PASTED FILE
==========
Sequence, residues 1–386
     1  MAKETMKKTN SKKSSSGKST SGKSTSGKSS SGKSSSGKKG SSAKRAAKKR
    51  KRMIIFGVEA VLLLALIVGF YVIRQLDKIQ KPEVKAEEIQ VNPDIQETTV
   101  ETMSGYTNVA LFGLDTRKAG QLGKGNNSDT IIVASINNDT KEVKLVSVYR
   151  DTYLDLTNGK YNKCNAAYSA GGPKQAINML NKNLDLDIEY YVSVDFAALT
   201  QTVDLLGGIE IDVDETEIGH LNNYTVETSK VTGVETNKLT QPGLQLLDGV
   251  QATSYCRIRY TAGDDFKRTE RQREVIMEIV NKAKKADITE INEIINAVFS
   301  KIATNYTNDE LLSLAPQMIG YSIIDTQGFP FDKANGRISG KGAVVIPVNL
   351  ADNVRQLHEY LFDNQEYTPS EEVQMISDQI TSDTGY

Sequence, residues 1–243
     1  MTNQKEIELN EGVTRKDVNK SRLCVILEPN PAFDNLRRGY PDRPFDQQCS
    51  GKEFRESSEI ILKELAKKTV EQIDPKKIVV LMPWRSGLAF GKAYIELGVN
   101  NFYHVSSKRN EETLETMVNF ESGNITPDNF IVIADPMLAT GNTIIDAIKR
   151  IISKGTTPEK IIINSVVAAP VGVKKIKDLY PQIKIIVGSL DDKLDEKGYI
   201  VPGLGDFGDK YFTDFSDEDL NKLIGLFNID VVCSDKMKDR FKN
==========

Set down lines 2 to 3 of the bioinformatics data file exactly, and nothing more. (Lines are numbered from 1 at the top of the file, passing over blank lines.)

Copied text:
     1  MAKETMKKTN SKKSSSGKST SGKSTSGKSS SGKSSSGKKG SSAKRAAKKR
    51  KRMIIFGVEA VLLLALIVGF YVIRQLDKIQ KPEVKAEEIQ VNPDIQETTV